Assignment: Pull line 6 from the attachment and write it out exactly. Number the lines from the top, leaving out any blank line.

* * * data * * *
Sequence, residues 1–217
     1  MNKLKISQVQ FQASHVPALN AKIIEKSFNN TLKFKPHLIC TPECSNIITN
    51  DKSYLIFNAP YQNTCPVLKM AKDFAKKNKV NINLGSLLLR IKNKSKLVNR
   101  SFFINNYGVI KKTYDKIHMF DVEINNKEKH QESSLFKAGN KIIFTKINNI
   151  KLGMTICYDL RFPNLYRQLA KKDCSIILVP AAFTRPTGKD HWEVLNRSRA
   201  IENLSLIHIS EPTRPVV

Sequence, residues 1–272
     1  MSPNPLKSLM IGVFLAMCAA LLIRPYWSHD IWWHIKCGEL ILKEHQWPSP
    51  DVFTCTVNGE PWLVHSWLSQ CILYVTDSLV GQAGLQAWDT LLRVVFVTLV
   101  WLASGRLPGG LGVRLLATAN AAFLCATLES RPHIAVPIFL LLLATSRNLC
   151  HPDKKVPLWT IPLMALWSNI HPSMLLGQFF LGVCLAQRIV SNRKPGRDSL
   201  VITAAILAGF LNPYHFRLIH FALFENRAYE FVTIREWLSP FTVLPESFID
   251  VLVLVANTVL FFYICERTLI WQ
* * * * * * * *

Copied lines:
   201  IENLSLIHIS EPTRPVV